Menu Close

7 factors that affect your houseplant watering frequency

When it comes to watering out houseplants, it’s just not as simple as “you should water your plant every 7 days”. Although it’s not that complicated either, once we understand how to do it.

In my article Plant watering: don’t kill your plants with over watering – here’s how you do it I mentioned that watering frequency is affected by numerous factors. So, to understand the watering frequency it’s important to understand the factors that affect it.

How different factors affect watering frequency?

Type of plant pot

Generally I would classify the type of pots into 2 groups – porous and non porous pots. There are many different materials from which pots are made, but the most common ones are plastic and terracotta.

Porous pots

Terracotta pots represent the porous group. This means that the pot is breathable, enabling better air circulation and water evaporation through pores.

Non porous pots

Plastic pots, also called nursery pots, are non porous and they will retain moisture for a longer period of time and won’t allow good air circulation through the soil.

If you have a plant in a terracotta pot, the soil will dry out more quickly than the soil of your plant that’s in a plastic pot. So if you have plants that are sensitive to dry soil, it’s good to keep them in plastic pots.

By repotting them in a terracotta pot you’ll always need to look out and be careful that the soil does not dry out. It’s easier to keep them in a plastic pot. We have to make our lives easier whenever we can so we can focus on more important things, right?

Beside this type of plants (that like constant moist soil) I generally like to have all my other plants in terracotta pots.

Check out my article – Plastic pot vs. terracotta pot | Which one is better for your houseplant? where I talk more about the pros and cons of each type of pot.

Type of soil

The type of soil will also affect your watering frequency.

In stores you can find general houseplant potting mix, cactus and succulent potting mix, orchid potting mix and others.. all these actually differ due to the drainage amount.

Cactus mix is a potting mix with really good drainage, with a high percentage of perlite or sand, whereas common houseplant potting mix usually retains more moisture and is predominantly made of peat moss.

Size of plant pot

Bigger pots fit more soil, right? So by pure logic, if you have a bigger pot there will be more soil that retains water.

Read about repotting in my article – Repotting for beginners. This one is really important because I explain why is important to go up only 1-2 sizes when repotting, instead of potting in a big pot right away!

Size of plant

You’d think that this is the same as the small pot-big pot situation, but it’s not.

The bigger the plant gets the bigger is its root system.

Roots have to become bigger in order for the plant to grow bigger.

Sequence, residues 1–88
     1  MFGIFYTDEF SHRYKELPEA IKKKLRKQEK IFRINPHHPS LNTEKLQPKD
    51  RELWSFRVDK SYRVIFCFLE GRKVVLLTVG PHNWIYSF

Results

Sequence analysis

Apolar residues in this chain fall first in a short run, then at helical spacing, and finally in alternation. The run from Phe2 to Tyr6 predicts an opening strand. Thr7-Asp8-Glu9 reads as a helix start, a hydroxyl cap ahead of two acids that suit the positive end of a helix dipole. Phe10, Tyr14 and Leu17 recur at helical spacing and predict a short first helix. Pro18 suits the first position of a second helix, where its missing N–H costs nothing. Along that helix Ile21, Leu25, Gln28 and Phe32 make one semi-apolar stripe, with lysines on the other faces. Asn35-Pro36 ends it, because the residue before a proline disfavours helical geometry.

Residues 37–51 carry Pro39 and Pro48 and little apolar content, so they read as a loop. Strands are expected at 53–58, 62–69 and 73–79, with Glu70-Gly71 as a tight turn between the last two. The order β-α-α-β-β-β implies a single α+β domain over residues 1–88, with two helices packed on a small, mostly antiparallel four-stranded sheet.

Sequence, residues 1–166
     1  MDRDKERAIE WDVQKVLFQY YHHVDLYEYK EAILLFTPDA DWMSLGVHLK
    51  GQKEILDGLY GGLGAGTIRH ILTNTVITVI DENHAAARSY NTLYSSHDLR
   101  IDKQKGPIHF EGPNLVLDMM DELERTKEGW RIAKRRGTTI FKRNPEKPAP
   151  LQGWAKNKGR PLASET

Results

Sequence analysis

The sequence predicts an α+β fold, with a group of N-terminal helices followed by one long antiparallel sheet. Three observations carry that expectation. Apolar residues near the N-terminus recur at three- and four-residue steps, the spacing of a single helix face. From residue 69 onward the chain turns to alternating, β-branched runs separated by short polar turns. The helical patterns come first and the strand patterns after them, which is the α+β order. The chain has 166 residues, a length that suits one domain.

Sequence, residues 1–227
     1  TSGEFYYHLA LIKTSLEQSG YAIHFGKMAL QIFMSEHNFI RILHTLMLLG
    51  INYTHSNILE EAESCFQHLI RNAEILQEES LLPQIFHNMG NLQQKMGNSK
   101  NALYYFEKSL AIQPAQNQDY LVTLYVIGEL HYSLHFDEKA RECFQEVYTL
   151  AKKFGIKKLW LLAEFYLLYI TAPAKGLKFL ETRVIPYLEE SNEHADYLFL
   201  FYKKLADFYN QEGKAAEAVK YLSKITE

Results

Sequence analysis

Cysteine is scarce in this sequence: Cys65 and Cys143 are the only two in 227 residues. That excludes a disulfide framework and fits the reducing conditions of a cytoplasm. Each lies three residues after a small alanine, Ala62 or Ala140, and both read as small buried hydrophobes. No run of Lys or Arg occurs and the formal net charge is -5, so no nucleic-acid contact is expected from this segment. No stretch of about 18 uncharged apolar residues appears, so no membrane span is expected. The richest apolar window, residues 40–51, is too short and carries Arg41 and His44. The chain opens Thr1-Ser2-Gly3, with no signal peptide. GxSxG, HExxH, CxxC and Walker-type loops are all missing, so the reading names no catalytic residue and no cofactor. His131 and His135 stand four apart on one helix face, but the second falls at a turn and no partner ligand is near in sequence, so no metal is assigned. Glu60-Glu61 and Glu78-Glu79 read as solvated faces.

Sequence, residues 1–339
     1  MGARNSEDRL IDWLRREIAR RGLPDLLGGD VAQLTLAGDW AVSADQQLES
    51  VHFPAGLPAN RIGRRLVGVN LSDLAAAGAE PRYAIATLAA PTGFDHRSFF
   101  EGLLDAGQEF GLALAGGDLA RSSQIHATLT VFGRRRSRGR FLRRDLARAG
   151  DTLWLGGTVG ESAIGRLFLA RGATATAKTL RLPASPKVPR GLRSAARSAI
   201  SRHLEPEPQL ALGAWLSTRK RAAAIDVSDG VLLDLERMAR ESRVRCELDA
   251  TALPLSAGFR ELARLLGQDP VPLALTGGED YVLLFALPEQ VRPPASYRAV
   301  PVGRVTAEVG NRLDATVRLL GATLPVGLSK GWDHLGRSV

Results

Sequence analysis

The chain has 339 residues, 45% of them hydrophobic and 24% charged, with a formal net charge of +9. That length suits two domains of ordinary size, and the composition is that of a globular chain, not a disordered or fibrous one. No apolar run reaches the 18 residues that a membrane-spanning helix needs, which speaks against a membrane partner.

But what does this mean in terms of watering frequency?

The bigger the root system is, the plant will absorb more water. So if you have a large plant that is, almost to completely, root bound – it will absorb water more quickly than a plant that is in the same pot size but not even nearly root bound.


You’ve for sure heard that you need to water your houseplants more often during spring and summer, and reduce the watering during fall and winter.

In the spring and summer the plant goes through the growing season.

This means it pushes out new growth and grows bigger roots, and it does all that pretty fast. On some plants you can see a new leaf popping out every 5 days! Because of that, your plant will inevitably consume more water. Additional to that, summer is a dry season, which will contribute to faster water evaporation.

The opposite of that is winter aka the non growing season for the majority of houseplants.

The plant does not need that much water and because of the increased humidity levels during winter, the water will evaporate more slowly.

But you should be aware that if you live in a drier area and/or your house has low humidity levels because of the heating, you’ll need to water more often than someone who has higher humidity levels in their home.

Plant spot in your home

Additional to the changing seasons, the placement of the plant in your home can cause the water to evaporate more quickly.

Placing a plant on a south facing window that gets many hours of sun will lead to a more frequent watering.

Plants in areas of your house that don’t get that much sun, like a north or east facing window, will need less frequent watering.

Also, if you have plants that like dry areas and high heat placed on a window with a radiator, those plants will need to be watered more often in most cases.

Home conditions

As I mentioned earlier, some of you may have low humidity levels in your homes due to the heating and some of you may have higher humidity levels in spite of that.

In any case, the humidity levels in your home will also affect the watering frequency.

Want to learn how to properly water your houseplants?Download for FREE our houseplant watering guide

 It will help you understand how to avoid mistakes and grow happy plants!